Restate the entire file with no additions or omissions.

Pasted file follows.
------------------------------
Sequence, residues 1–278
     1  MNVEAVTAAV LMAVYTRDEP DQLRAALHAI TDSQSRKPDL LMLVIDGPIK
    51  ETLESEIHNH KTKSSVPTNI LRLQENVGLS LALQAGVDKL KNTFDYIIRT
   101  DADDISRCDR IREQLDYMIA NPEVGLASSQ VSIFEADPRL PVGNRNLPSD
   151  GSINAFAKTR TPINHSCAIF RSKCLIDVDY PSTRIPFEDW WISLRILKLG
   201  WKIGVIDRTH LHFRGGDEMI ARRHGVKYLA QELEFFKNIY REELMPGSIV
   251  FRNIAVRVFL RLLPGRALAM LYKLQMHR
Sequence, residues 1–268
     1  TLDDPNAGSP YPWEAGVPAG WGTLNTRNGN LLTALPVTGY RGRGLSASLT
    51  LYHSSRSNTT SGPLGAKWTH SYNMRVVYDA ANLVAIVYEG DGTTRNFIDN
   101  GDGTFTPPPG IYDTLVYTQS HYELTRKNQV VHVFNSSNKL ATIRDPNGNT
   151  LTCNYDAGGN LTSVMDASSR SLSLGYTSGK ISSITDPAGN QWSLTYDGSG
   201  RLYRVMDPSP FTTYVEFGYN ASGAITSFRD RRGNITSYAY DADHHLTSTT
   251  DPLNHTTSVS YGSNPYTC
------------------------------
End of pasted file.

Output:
Sequence, residues 1–278
     1  MNVEAVTAAV LMAVYTRDEP DQLRAALHAI TDSQSRKPDL LMLVIDGPIK
    51  ETLESEIHNH KTKSSVPTNI LRLQENVGLS LALQAGVDKL KNTFDYIIRT
   101  DADDISRCDR IREQLDYMIA NPEVGLASSQ VSIFEADPRL PVGNRNLPSD
   151  GSINAFAKTR TPINHSCAIF RSKCLIDVDY PSTRIPFEDW WISLRILKLG
   201  WKIGVIDRTH LHFRGGDEMI ARRHGVKYLA QELEFFKNIY REELMPGSIV
   251  FRNIAVRVFL RLLPGRALAM LYKLQMHR
Sequence, residues 1–268
     1  TLDDPNAGSP YPWEAGVPAG WGTLNTRNGN LLTALPVTGY RGRGLSASLT
    51  LYHSSRSNTT SGPLGAKWTH SYNMRVVYDA ANLVAIVYEG DGTTRNFIDN
   101  GDGTFTPPPG IYDTLVYTQS HYELTRKNQV VHVFNSSNKL ATIRDPNGNT
   151  LTCNYDAGGN LTSVMDASSR SLSLGYTSGK ISSITDPAGN QWSLTYDGSG
   201  RLYRVMDPSP FTTYVEFGYN ASGAITSFRD RRGNITSYAY DADHHLTSTT
   251  DPLNHTTSVS YGSNPYTC